Does Your Home Have Enough Fiberglass Insulation?

Loose fill attic insulation and fiberglass batts
Loose fill attic insulation and fiberglass batts

Of course, fiberglass insulation is the most common insulation in existing homes and new construction. It doesn’t require any special equipment to install and it’s more economical than spray foam.

What’s up with Soy Spray Foam Insulation?

Nope, not a joke. If you’re familiar with the fact that soy beans are easy to grow and do well in many climates, you’ll understand why it makes such a green and sustainable building material.

Soy spray foam insulation is sprayed on as a liquid which quickly expands and fills all voids, making a very air-tight building. And it’s water-based so there’s no questionable chemicals.

Now is the Time To Beef Up Attic Insulation

If your home is already built and occupied, insulating walls is problematic, but installing attic insulation is a snap. And it’s not so hot up there now to make it a miserable job.

But that stuff is itchy! That’s because the tiny fiberglass fibers stick into the pores on your skin. There are ways to handle it, though. You can wipe your arms down with fingernail polish remover. The active ingredient is acetone. Save big bucks by buying a can of it at the home improvement store.

I used to install a lot of the stuff in the summer when I was installing suspended acoustical ceilings and framing walls and hanging drywall. I lived in an apartment at the time. After work I’d just slip into my swimming suit and hop in the pool.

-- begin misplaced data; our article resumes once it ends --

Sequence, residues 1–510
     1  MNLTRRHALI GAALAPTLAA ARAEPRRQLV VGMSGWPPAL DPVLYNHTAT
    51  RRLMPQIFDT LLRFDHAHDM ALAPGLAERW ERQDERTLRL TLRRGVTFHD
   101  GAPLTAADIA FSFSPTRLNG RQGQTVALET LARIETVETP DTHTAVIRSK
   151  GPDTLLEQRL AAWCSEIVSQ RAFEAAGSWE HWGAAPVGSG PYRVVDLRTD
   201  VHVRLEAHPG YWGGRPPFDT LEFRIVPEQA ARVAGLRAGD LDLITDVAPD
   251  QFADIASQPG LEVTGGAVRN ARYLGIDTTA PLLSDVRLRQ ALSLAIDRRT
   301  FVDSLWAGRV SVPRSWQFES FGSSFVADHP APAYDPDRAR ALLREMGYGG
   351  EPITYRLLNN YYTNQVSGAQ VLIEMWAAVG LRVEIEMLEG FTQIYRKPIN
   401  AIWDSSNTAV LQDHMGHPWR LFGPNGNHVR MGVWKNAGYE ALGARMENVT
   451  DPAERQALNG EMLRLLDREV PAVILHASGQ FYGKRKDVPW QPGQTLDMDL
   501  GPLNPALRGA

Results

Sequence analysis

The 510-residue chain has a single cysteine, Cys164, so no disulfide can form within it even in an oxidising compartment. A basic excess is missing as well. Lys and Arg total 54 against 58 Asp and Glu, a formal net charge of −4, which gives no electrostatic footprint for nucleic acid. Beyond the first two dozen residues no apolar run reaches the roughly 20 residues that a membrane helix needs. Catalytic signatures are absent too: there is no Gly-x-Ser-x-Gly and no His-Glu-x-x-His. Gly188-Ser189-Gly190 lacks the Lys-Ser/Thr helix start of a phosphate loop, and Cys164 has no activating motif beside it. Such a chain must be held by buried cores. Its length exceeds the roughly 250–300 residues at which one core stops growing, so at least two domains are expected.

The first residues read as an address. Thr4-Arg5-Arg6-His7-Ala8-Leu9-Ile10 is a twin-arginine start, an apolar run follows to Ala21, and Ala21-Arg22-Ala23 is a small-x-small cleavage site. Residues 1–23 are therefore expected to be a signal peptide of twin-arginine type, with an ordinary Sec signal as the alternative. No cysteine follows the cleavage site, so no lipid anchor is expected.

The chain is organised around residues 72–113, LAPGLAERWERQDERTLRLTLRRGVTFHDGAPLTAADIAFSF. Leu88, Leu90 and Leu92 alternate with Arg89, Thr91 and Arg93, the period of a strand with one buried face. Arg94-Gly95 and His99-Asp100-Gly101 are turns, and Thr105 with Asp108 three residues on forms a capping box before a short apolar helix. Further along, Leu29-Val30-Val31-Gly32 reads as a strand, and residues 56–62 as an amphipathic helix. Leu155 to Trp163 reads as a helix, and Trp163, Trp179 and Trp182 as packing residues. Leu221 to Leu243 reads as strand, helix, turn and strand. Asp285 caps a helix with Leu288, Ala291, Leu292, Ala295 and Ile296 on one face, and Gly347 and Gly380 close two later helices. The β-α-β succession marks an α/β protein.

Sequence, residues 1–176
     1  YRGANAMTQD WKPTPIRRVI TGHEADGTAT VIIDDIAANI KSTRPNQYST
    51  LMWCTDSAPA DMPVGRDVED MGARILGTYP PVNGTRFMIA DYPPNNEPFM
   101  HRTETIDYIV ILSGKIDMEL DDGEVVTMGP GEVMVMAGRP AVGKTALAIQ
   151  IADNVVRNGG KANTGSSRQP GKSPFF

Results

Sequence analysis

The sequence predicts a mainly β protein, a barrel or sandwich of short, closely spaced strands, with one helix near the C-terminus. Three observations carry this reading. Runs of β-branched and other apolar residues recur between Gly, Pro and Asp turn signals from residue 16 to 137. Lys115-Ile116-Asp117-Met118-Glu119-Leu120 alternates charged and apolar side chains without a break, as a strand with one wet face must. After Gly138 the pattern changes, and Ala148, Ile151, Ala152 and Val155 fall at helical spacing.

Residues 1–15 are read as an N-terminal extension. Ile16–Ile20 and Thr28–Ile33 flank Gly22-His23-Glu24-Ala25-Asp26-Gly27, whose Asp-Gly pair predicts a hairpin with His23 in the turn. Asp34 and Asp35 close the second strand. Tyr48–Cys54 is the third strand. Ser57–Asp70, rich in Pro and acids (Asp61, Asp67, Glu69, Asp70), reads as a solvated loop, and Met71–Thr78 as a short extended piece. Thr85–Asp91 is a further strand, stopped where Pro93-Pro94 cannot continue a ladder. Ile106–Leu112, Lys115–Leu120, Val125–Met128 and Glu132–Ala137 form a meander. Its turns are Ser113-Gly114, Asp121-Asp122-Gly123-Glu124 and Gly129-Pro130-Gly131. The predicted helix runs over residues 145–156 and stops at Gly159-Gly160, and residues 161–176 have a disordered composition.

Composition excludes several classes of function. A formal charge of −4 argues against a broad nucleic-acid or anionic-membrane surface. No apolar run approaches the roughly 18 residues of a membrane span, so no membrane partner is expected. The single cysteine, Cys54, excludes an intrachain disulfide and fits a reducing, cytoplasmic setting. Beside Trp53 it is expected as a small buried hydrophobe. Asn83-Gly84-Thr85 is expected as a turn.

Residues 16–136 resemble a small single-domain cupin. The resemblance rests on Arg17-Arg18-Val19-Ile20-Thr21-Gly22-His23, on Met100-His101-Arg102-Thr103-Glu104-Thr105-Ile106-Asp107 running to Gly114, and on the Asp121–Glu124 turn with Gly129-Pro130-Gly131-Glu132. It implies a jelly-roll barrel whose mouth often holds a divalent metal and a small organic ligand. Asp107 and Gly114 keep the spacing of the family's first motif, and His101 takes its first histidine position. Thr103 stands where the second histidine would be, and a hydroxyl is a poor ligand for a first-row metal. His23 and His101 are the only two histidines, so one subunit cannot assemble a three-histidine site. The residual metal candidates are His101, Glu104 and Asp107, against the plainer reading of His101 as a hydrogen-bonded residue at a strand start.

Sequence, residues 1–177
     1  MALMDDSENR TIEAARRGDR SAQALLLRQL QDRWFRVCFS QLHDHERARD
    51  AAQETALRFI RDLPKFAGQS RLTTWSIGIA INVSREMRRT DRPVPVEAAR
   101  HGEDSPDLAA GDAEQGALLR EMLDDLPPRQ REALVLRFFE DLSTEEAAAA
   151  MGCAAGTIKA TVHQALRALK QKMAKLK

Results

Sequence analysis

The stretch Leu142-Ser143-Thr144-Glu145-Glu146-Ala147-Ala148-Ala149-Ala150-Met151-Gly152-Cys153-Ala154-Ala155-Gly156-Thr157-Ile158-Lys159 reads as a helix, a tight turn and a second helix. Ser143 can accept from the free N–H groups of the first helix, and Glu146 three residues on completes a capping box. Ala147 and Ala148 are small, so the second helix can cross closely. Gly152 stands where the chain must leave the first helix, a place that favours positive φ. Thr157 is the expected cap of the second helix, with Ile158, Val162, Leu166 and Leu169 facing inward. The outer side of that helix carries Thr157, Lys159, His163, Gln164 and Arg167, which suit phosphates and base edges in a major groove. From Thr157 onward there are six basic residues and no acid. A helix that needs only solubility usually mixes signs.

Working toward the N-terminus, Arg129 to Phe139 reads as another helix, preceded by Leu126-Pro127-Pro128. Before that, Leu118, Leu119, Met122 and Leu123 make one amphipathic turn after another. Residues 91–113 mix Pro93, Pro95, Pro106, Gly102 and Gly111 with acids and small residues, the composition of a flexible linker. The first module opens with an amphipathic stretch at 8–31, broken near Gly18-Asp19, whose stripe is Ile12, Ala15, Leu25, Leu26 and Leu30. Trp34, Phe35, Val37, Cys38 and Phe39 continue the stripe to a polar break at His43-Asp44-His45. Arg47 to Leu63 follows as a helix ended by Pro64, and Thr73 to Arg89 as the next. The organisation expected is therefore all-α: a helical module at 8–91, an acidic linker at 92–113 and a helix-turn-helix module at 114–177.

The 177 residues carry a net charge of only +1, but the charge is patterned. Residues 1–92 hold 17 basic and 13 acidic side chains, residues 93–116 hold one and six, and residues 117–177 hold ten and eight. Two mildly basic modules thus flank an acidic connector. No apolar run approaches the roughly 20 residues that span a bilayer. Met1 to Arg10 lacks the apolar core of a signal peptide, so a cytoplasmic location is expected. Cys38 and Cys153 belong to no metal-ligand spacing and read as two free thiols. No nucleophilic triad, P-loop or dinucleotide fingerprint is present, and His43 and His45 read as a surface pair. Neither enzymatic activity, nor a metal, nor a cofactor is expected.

That took care of it. I suspect that it just washed off, although logically, it seems like the cool water would tighten up the pores. Whatever. It worked

Rockwool: the Insulation From Hell

Rockwool is the worst, no doubt about it. It’s also a fiber kind of construction material. It also has some glass-like chunks of stuff I can’t even speculate about. I just know they would dull the blade of a utility knife quicker than anything I’ve ever seen.

How Much is Enough?

Good question. It’s tempting to say as much as you can stuff up there, but there is a point of diminishing returns. Owens-Corning (the pink panther people) tell us “The amount of insulation to add depends on two factors – the amount and type of insulation already in place and the recommended R-value for your location.” Well, duh.

The minimum in the US depends of where you live but the average maximum that the government recommends is R-60. In the south, the minimum is R-30. It increases as you go north, finally getting to a minimum of R-48 if you live in, say, Nebraska or Minnesota.

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